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Finding animal brains, limbs and tongues on menus has become a fairly normal occurrence in Washington. Dupont’s Eola offers a special tasting menu of offal and Bar Pilar fries pig ears into crispy strips. Nose-to-tail dining has switched from adventure eating to a moral crusade, allowing thoughtful omnivores to rationalize the killing of an animal by eating every possible inch.

The same rationale of reducing waste can also be applied to vegetables and fruits: stem-to-root cooking. The New York Times provides plenty of unique ways to create edible uses for items, such as peach leaves (steeped for an aperitif), melon rinds (for crunchy cucumber-like garnish) and corn cobs (for stock).

Logan Cox‘s contribution to the full usage veg movement: crispy beet greens. Ripple‘s executive chef found a way to turn the magenta sphere’s stems into a crunch reminiscent of Rasika‘s famous Palak Chaat (crispy spinach).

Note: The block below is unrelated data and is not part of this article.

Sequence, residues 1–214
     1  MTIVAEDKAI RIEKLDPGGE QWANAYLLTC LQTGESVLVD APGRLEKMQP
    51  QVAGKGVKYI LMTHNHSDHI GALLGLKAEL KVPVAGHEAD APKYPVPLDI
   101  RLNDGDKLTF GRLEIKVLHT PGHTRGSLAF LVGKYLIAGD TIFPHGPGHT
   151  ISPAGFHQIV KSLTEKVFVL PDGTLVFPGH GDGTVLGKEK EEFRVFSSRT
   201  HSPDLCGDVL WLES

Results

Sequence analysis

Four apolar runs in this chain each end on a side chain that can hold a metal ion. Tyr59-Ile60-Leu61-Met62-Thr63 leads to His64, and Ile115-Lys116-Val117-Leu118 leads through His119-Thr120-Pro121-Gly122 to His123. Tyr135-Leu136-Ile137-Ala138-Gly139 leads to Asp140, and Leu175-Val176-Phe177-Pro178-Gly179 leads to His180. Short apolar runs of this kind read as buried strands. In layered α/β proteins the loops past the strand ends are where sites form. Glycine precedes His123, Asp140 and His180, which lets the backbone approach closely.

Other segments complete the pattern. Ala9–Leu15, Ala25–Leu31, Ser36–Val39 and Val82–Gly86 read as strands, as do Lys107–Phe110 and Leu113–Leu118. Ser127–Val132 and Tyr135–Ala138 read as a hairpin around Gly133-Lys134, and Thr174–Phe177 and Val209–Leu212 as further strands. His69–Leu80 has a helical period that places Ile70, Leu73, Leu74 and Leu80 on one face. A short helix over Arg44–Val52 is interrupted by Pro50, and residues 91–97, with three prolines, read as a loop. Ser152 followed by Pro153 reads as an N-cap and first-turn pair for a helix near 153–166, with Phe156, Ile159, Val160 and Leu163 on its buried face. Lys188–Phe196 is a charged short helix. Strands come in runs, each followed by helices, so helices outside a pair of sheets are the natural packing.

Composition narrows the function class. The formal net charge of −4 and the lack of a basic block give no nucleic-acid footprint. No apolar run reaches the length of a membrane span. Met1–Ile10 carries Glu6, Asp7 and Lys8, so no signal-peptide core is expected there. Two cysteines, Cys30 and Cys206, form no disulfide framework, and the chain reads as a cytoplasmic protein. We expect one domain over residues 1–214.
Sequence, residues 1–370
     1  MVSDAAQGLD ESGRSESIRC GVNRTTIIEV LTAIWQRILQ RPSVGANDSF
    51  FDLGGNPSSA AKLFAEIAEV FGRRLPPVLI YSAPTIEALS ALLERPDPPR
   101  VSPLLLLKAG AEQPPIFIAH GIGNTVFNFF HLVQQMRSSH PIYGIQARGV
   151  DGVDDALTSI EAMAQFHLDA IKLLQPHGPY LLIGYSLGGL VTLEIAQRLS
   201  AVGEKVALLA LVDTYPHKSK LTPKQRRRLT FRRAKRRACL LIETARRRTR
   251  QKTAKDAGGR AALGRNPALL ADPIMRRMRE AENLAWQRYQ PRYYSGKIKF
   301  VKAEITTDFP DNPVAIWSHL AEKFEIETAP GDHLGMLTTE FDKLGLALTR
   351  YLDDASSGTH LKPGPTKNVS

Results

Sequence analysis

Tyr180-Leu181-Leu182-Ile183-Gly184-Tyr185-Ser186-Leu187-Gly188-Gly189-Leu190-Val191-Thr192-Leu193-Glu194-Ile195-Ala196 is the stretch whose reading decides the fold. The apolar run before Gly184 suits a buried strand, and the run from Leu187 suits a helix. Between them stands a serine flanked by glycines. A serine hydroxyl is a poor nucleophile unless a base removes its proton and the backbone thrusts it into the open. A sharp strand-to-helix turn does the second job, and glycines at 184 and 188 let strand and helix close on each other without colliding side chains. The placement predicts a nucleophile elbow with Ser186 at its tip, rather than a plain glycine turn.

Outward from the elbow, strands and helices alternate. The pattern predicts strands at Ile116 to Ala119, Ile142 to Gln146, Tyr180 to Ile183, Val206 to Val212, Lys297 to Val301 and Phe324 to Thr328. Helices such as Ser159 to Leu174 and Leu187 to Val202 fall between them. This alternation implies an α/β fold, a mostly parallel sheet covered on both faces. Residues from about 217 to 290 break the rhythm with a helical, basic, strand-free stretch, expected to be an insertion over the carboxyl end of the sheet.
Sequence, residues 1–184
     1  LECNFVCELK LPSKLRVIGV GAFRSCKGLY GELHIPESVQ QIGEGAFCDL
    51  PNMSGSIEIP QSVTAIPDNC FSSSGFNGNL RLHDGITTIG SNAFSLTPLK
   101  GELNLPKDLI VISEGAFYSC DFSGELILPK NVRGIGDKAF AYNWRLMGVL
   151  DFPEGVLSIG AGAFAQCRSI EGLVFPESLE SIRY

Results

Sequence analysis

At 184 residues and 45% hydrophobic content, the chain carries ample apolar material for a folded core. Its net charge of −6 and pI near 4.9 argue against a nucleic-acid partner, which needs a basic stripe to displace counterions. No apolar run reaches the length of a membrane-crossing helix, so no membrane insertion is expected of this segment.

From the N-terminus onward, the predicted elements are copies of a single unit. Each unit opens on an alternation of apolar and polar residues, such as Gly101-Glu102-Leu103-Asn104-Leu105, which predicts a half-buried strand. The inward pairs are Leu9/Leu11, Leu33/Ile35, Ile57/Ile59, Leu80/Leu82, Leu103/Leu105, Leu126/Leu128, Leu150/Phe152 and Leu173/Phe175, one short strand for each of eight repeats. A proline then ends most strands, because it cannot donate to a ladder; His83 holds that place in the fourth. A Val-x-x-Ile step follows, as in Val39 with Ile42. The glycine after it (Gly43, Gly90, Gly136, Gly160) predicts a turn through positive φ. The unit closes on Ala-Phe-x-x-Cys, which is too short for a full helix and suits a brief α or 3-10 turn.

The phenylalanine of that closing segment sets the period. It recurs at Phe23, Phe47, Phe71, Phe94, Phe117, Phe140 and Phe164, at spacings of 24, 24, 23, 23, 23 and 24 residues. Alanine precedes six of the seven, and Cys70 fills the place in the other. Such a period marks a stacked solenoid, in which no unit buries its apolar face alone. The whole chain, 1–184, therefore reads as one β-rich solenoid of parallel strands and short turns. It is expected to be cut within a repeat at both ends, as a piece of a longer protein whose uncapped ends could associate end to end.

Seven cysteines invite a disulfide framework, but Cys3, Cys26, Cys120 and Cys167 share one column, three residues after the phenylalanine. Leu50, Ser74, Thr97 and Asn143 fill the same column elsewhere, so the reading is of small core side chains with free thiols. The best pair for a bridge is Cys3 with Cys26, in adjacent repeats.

The green was found in a squash agnolotti dish a few weeks ago, although now this meatless composition has since changed with cubanelle peppers filling in for the gourd and cranberry beans instead of beet greens. Cox promises, though, that the beet greens will be back on the menu. (Oh, the troubles of reporting on constantly rotating farm-to-table restaurants.)

Cox separates the leaves from the stems, then adds the greens to a cold pain with olive oil. The leaves crisp up in three minutes, just as the pasta is cooked to order. The kitchen keeps the sauce, a ricotta fundido, away from the stems “so there’s no liquid that can moisten the leaves,” he explains, “so it won’t be soggy.”

The effect enlivens the dish, contrasting the soft pasta rounds with a snappy green, and squarely lifting Ripple into the thrift-is-chic paradigm.

Photo by sashafatcat /Creative Commons Attribution-Share Alike 2.0 Generic license